Even without the context of where it fits in the series as a whole, just taken as a stand-alone issue, this one was outstanding. From the POV of action, pacing, the way it built, character interaction... and this might be one of (if not) THE most Lobster-centric issues ever. I mean, he is the star of this particular chapter, no two ways about it, and that's not even the case with an "average" issue of LJ. Go back, flip through the issue, read all the Lobster's dialogue (shouldn't take 5 minutes) -- I mean, come ON! This guy has better action-hero one-liners (and more to the point) than Schwarzenegger did in the 1980s! But it doesn't make him sound wise-ass or funny, it makes him scary and awesome. (Yeah, it's pretty clear he has no sense of humor.) A man of few words, carefully chosen. It's VERY hard to do characterization with such sparse dialogue, but here it is.

                        If I had to pick nits, the only thing I felt was lacking is that Cindy wasn't really in it, but that's just me - I admit I am starting to like her a little more with each appearance. But seriously, where was the ROOM for it here? The issue would have had to be at least 30 pages in order to work her in, in any kind of significant scene. It probably would have thrown off the pacing too, unless they could have worked it in right before the last scene on the beach somewhere. Come to think of it, in a way she WAS in it, since we got to read her article, and what she had to say about the Lobster seemed pretty important, too. Coming right before the last scene where the Lobster himself gets the final word, it made for a nice one-two punch to wrap it all up.

                        AVERAGE? Unbelievable. They knocked one out of the park here. That's MY review.
                        Last edited by pulphero; 08-18-2014, 03:47 AM.

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                        • #72
                          The reviews of the last two LoJo comics at Multiversity seemed to really factor the 2 month wait between issues into the overall review. Although the wait was inconvenient, I don't mind waiting two months for this because its completely awesome.
                          One thing that bothered me about the review was when they discussed two of the big scenes in the issue, the opening chase and then the battle on the zeppelin. One of them said something about how car chases and zeppelins have been used better in previous LoJo stories. I don't think that is true. The first issue of Get the Lobster had the mind-controlled wrestlers in a vehicle, but LoJo himself wasn't chasing them in a car, like he was this issue. And Caput Mortuum had some great scenes on the zeppelin, but none of them took place on top of it.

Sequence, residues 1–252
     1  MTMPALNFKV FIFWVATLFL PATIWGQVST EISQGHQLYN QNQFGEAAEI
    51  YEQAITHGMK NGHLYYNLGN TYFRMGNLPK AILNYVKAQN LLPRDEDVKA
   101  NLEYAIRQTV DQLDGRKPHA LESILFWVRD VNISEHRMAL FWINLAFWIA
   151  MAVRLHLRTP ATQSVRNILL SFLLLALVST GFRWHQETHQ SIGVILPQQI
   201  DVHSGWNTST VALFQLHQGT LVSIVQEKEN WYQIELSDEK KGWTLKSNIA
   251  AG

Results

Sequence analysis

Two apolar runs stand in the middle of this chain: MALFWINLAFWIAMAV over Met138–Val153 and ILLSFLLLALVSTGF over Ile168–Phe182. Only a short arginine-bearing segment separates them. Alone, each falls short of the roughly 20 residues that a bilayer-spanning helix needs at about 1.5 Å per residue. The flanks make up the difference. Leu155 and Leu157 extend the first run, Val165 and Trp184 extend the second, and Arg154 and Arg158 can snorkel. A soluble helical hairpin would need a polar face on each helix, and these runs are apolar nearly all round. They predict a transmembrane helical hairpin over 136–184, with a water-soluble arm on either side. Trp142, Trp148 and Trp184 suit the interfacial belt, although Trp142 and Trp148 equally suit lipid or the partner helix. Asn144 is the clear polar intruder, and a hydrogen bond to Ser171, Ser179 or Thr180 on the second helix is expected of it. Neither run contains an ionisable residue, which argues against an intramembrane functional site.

Another thing in their review that I disagreed with was when they said "the comic could have had no words and been absolutely fine". Although Zonjic is one of the best illustrators in comics, I think the hard-boiled dialogue is one of the best parts of the comic. Without the line "Justice is bigger than a gun", this issue wouldn't be as good.
                          Usually, I more-or-less agree with Multiversity's reviews. This time, I did not.
                          Last edited by Lobster Johnson; 08-18-2014, 11:54 AM.

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                          • #73
                            Have you read any other work by Zonjic? I've heard Who is Jake Ellis is good, but I haven't heard of him working on anything other than that and LoJo.

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                            • #74
                              Originally posted by Lobster Johnson View Post
                              Have you read any other work by Zonjic? I've heard Who is Jake Ellis is good, but I haven't heard of him working on anything other than that and LoJo.
                              I'll have to see if I can find a copy of the trade.

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                              • #75
                                On Saturday my LCBS had it's annual Creators Cookout. Fun, food and a few creators signing things. Not to mention the $1 back issues and 20% off almost everything.

                                I usually use the sale to check out a few titles/characters people have been recomending. Picked up a couple of Lobster comics (2&5 of Burning Hand). Very enjoyable. I'll be ordering the first couple of TPBs. Also picked up a couple other books, Black Beetle, DHP and more. Black Beetle is next on the list to check out.
                                Always remember, Murphy was an optimist
                                Munchkin 1, 2, 4, 7 Super Munchkin 1&2, Munchkin Bites 1&2, Munchkin Fu, Star Munchkin Deluxe and Star 2
                                http://ghornet.deviantart.com/